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Python Programming – Deleting List Elements
Deleting list elements
To remove a list element, one can use either the del statement (if you know the element index to delete) or remove () method (if you do not know the element index, but the element itself, discussed in section 4.1.9). The following example depicts the deletion of an element using the del statement.
>>> a= [ ' spam ' , ' eggs ' , 100 , 1234 ] >>> del a [ 1 ] >>> a [ ' spam ' , 100 , 1234 ]
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The del statement can also be used to explicitly remove the entire list.
>>> a= [ ' spam ' , ' eggs ' , 100 , 1234 ] >>> del a >>> a Traceback ( most recent call last ) : File " <stdin> " , line 1 , in <module> NameError: name ' a ' is not defined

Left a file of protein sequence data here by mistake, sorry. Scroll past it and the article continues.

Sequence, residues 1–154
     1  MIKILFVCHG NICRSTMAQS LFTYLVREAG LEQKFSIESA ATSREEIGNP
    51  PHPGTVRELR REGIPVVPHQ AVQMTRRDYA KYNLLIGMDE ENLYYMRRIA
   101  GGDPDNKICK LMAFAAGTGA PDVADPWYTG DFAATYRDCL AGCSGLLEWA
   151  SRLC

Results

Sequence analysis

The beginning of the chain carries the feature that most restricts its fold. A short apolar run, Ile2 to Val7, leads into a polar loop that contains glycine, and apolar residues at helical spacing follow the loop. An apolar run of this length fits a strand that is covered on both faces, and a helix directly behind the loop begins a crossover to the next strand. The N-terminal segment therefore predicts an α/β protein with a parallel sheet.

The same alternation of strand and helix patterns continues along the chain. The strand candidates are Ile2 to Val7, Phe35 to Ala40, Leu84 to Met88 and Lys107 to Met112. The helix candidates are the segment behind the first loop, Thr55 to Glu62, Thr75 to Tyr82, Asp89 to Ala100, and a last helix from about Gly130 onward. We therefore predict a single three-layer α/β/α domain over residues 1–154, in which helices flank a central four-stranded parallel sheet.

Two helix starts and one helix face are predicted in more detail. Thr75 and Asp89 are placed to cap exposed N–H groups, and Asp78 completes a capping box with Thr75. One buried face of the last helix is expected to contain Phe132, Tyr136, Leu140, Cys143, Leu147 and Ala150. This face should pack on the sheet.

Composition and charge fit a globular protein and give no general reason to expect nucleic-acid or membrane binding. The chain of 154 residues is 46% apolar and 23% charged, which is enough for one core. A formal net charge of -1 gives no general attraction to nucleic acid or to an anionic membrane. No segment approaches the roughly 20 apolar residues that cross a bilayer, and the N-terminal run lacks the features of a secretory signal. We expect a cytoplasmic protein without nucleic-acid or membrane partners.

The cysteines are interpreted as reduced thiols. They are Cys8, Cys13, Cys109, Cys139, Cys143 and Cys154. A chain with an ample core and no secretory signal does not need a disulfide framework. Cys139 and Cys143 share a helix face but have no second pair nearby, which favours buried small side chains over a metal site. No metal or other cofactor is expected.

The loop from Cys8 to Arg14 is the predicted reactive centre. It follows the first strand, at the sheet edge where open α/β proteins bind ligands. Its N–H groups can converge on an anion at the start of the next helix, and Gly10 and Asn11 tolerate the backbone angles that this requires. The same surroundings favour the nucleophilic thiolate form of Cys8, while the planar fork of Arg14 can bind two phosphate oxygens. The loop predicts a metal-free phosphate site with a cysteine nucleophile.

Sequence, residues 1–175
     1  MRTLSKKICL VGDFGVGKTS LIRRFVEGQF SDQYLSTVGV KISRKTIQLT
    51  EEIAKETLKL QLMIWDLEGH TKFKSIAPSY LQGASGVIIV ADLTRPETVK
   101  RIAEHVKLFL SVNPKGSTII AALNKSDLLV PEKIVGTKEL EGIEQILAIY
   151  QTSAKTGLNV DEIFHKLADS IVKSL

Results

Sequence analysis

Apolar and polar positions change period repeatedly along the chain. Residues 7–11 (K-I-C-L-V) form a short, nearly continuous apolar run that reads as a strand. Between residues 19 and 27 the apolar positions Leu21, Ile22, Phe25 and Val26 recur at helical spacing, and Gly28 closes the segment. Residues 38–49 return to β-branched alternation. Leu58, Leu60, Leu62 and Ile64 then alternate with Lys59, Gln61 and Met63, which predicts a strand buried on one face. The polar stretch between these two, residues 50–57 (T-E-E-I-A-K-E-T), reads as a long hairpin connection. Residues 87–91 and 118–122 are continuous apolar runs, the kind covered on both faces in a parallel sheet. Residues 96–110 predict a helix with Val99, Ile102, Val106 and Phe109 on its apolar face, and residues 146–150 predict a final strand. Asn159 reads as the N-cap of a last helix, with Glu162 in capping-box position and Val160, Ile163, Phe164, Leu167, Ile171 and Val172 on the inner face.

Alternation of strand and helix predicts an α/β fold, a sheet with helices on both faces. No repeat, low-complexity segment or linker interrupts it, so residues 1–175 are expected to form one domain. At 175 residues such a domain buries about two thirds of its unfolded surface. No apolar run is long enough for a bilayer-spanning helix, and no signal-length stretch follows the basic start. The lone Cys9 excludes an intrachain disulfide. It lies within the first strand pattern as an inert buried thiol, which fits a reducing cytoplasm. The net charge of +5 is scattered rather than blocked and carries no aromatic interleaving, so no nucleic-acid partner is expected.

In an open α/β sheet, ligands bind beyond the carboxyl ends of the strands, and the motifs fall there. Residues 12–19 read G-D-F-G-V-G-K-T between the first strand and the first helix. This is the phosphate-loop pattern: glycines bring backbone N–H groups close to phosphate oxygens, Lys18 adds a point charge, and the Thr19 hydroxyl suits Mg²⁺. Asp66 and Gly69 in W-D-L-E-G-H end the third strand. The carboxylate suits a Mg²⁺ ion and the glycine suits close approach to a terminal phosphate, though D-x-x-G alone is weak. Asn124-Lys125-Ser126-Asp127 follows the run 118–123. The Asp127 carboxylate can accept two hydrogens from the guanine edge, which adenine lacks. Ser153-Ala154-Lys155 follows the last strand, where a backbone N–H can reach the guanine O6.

The following is an interesting case of the del statement:
>>> a= [ ' spam ' , ' eggs ' , 100 , 1234 ] >>> del a [ 1 ] , a [ 1 ] >>> a [ ' spam ' , 1234 ]
It should be noted that the same index is deleted twice. As soon as an element is deleted, the indices of succeeding elements are changed. So deleting an index element n times, would actually delete n elements.
It is also possible to delete multiple items from a list.
>>> a= [ ' spam ' , ' eggs ' , 100 , 1234 ] >>> a [ 1 : 3 ] = [ ] >>> a [ ' spam ' , 1234 ]
There might be a scenario in which multiple lists need to be swapped among themselves. This is can done easily using multiple assignments expression.
>>> a= [ 10 , 20 , 30 ] >>> b= [ 40 , 50 , 60 ] >>> c= [ 70 , 80 , 90 ] >>> a , b , c=c , a , b >>> a [ 70 , 80 , 90 ] >>> b [ 10 , 20 , 30 ] >>> c [ 40 , 50 , 60 ]